The remainder of the digestive system consists of a simple tube running from the pharynx to the anus. A single blind-ending caecum branches off from the underside of the gut, with a lining able to phagocytize the food particles, a feature never found in vertebrates. It used to be thought that this hepatic caecum might be homologous to the liver of vertebrates, but this is now thought to be less likely.[8]

Lancelets have no respiratory system, breathing solely through their skin, which consists of a simple epithelium. Despite the name, little if any respiration occurs in the gill slits, which are solely devoted to feeding. The circulatory system does resemble that of primitive fish in its general layout, but is much simpler, and does not include a heart. There are no blood cells, and no haemoglobin.[8]

The excretory system consists of segmented "kidneys" containing protonephridia instead of nephrons, and quite unlike those of vertebrates. Also unlike vertebrates, there are numerous, segmented gonads.[8]

Taxonomy[edit]

The lancelet is a small, translucent, fish-like animal that is the closest living invertebrate relative of the vertebrates.[9][10]

The Cephalochordata is traditionally seen as a sister subphylum to the vertebrates, with which it is grouped together into a clade (sometimes called Notochordata) which in turn is the sister group to the simpler still Urochordata. Newer research suggests this may not be the case. The Cephalochordata may be the most basal subphylum of the chordates,[11] while the sister group of the vertebrates may be the tunicates, previously known as the urochordates.[7] However, other recent molecular studies (cit. in Benton 2005: 8) place cephalochordates nearer to vertebrates, and "[m]ost authors regard amphioxus as the closest relative of the Vertebrata on the basis of 10–15 [morphological] features that are not seen in tunicates".[12]

The asymmetric nature of juveniles is unique to the cephalochordates and demonstrates (as do certain other features, including the seriated gonads) that lancelets are more derived than would be expected. This is a reminder that the "living fossil" representative of a basal clade has as long an evolutionary history as any other living thing, and thus is more derived than the actual primitive ancestor it otherwise so closely resembles. The following are the species recognised by ITIS. Other sources, for instance Tudge,[13] show that there might be up to thirty species.[verification needed] [14]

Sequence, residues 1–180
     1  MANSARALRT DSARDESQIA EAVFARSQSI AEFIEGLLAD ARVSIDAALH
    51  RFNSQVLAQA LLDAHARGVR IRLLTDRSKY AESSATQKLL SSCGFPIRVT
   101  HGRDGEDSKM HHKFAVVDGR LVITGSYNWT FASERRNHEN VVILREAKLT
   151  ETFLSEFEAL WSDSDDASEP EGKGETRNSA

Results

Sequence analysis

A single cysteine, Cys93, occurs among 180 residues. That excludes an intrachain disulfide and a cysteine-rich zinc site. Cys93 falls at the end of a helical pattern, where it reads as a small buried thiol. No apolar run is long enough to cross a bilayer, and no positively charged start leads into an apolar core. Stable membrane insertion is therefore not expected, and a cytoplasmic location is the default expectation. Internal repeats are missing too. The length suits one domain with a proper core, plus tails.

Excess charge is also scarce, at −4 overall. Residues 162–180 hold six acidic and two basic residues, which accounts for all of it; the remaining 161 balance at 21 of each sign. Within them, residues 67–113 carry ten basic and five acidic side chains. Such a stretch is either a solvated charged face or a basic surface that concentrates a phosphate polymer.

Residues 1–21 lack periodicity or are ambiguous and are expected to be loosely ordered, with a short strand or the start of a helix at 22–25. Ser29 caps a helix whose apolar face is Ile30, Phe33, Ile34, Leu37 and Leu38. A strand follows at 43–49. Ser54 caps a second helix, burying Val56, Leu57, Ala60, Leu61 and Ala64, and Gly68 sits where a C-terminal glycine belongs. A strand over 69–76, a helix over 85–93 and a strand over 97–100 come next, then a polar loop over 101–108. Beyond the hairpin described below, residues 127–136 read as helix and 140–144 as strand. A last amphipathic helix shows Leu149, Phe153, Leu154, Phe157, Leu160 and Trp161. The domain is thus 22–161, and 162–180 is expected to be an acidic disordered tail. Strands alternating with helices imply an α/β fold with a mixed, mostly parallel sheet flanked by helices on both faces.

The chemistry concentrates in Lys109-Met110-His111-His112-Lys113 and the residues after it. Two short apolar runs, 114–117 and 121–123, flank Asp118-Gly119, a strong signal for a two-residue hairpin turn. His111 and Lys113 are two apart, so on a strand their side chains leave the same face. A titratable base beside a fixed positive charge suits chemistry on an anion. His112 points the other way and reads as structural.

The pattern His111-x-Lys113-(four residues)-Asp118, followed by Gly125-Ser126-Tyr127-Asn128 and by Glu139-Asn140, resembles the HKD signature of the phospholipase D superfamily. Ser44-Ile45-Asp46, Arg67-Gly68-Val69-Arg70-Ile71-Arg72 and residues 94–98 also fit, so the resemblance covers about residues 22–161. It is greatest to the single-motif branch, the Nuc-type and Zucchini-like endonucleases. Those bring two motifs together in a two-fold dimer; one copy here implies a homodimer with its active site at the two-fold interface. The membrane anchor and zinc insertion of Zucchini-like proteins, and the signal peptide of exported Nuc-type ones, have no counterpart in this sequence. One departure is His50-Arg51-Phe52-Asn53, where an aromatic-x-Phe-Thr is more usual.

References[edit]

  1. ^ Classification of Class: Leptocardii - Ocean Biogeographic Information System: Canadian Museum of Nature (OBIS Canada)
  2. ^ ""Cephalochordata: EoL species"". Retrieved 2014-06-12. 
  3. ^ "Year of discovery". Scotland.gov.uk. 2011-12-29. Retrieved 2012-08-13. 
  4. ^ Webb, J. E. (1958). "The Ecology of Lagos Lagoon. III. The Life History of Branchiostoma nigeriense Webb". Philosophical Transactions of the Royal Society of London. Series B, Biological Sciences (The Royal Society) 241 (683): 335–353. doi:10.2307/92531. JSTOR 92531.  edit
  5. ^ Worm-like Marine Animal Providing Fresh Clues About Human Evolution Newswise, Retrieved on July 8, 2008.
  6. ^ Garcia‐Fernàndez, J., & Benito‐Gutiérrez, È. (2009). It's a long way from amphioxus: descendants of the earliest chordate. Bioessays, 31(6), 665-675, [1].
  7. ^ a b Putnam, N. H.; Butts, T.; Ferrier, D. E. K.; Furlong, R. F.; Hellsten, U.; Kawashima, T.; Robinson-Rechavi, M.; Shoguchi, E.; Terry, A.; Yu, J. K.; Benito-Gutiérrez, E. L.; Dubchak, I.; Garcia-Fernàndez, J.; Gibson-Brown, J. J.; Grigoriev, I. V.; Horton, A. C.; De Jong, P. J.; Jurka, J.; Kapitonov, V. V.; Kohara, Y.; Kuroki, Y.; Lindquist, E.; Lucas, S.; Osoegawa, K.; Pennacchio, L. A.; Salamov, A. A.; Satou, Y.; Sauka-Spengler, T.; Schmutz, J.; Shin-i, T. (Jun 2008). "The amphioxus genome and the evolution of the chordate karyotype". Nature 453 (7198): 1064–1071. Bibcode:2008Natur.453.1064P. doi:10.1038/nature06967. ISSN 0028-0836. PMID 18563158.  edit
  8. ^ a b c d e Romer, Alfred Sherwood; Parsons, Thomas S. (1977). The Vertebrate Body. Philadelphia, PA: Holt-Saunders International. pp. 18–21. ISBN 0-03-910284-X. 
  9. ^ Gewin, V. (2005). "Functional genomics thickens the biological plot". PLoS biology, 3 (6), e219. doi:10.1371/journal.pbio.0030219
  10. ^ Lancelet (amphioxus) genome and the origin of vertebrates Ars Technica, 19 June 2008.
  11. ^ Henry Gee (2008). "Evolutionary biology: The amphioxus unleashed". Nature 453: 999-1000.
  12. ^ Michael J. Benton (2005). Vertebrate Palaeontology, Third Edition 8. Oxford: Blackwell Publishing. ISBN 0-632-05637-1.
  13. ^ Tudge, Colin (2000). The Variety of Life. Oxford University Press. ISBN 0198604262. 
  14. ^ WoRMS Editorial Board (2013). "World Register of Marine Species- Cephalochordates species list". Retrieved 2013-10-22. 
  15. ^ WoRMS: Epigonichthys
  16. ^ URMO taxon details: Branchiostoma mortonense
  17. ^ WoRMS: Branchiostoma mortonense

Further reading[edit]

  • Stach, T. G. (2004). Cephalochordata (Lancelets). In M. Hutchins, R. W. Garrison, V. Geist, P. V. Loiselle, N. Schlager, M. C. McDade, ...W. E. Duellman (Eds.), Grzimek's Animal Life Encyclopedia (2nd ed., Vol. 1, pp. 485-493). Detroit: Gale.

External links[edit]